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Meeting the Needs of Our Church School Children

The church school teachers of New England gathered in January of 2017 at the Chancery for a workshop sponsored by the Department of Christian Education. Our workshop leader was Dr. Iona Popa, an educator, psychiatrist and pious orthodox christian. The teachers were challenged to approach the church school class as a kind of liturgy, which parallels or continues the Divine Liturgy itself. The classroom is a place where the Mount Tabor experience is brought into the world: a holy place where our children will encounter God; a special place where we tap into the life of the Trinity made incarnate by Jesus Christ. As in the Divine Liturgy, in the classroom we use all of our senses.

Dr. Popa pointed out that children learn differently from each other. Some are auditory learners, others visual, and still others kinesthetic. By learning how our class and each of our children learn, we can be more successful in communicating the good news of Jesus Christ. To assess learning style, Iona suggested that we ask the children to give us directions to a place either in the church complex or to an area with which they are familiar. Those who are visual learners will describe landmarks. Those who are auditory learners may speak slowly to hear their own words or talk a lot as they process and conceptualize the journey. The kinesthetic learners will use their hands and maybe their feet in demonstrating how turns are made to get to the destination. Learning how they learn allows us to craft a more effective lesson.

Just as the liturgy utilizes our senses in helping us encounter God, so should our class lessons, applying the concepts and information with the learning styles of our students in mind. Our purpose is not reducible to conveying information. Our purpose is helping the children encounter God. We must be vigilant and creative, so as to not allow ourselves to be distracted from this essential ministry.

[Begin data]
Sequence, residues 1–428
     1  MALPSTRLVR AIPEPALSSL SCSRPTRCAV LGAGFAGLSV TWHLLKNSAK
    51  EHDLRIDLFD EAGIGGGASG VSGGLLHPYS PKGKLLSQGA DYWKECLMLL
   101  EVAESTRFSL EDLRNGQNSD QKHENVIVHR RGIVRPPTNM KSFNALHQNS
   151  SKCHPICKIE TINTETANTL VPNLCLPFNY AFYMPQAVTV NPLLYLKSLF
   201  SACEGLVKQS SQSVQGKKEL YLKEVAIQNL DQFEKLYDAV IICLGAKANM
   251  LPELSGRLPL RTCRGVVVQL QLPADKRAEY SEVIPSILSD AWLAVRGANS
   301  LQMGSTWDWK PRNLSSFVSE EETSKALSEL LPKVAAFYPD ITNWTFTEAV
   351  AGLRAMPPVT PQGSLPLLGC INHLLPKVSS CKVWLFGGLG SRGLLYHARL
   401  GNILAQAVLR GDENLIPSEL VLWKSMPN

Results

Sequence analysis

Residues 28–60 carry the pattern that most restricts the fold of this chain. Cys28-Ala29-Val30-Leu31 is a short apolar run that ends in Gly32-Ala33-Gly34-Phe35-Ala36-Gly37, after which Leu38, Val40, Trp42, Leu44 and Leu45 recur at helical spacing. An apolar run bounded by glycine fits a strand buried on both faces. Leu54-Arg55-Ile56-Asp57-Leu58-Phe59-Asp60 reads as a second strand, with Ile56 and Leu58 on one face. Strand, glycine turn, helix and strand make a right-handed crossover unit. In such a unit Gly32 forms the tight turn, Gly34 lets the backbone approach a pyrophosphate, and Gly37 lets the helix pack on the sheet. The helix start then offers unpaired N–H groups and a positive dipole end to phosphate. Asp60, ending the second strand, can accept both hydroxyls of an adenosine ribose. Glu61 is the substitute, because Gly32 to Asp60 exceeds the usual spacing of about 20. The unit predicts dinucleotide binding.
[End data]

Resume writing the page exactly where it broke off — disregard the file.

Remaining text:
Creative learning activities may include role-playing, making puppet shows, having children interview each other, retelling bible stories as if in a modern setting, making up songs to convey important lessons, or preparing to share the lessons with parents or others. It is unrealistic to expect kinesthetic learners to sit still, or auditory learners to read in class. These learners develop and process differently than does the visual learner. Making these accommodations allow the children to learn successfully and come to know God.

Sometimes our children are too easily distracted from the message we are delivering. We should not forget our mission while coping with such disruptions. Instead, we should be creative in responding to them. Some children benet from having a parent or teacher's assistant present to offer individual coaching during the class. Some teachers who were present at the workshop shared that they provide children with stress balls and pencils, so that they can keep their hands busy as they listen in the class. Others offer regular exams to challenge the children to stay focused. All of the teachers agreed that there was not time enough for their lessons to be distracted by disciplinary actions. Our goal is not discipline, but education.

Understanding the classroom as a kind of liturgy conveys both the importance of the classroom experience and the opportunity to encounter God. Like the priest, the teacher who is energized and excited about the message will convey this contagious enthusiasm to the participants of the liturgy and classroom. We could all benet from taking the liturgy to our homes, play and workplaces, to encounter God there, and praying that His Kingdom come on earth, as it is in heaven.

Bishop John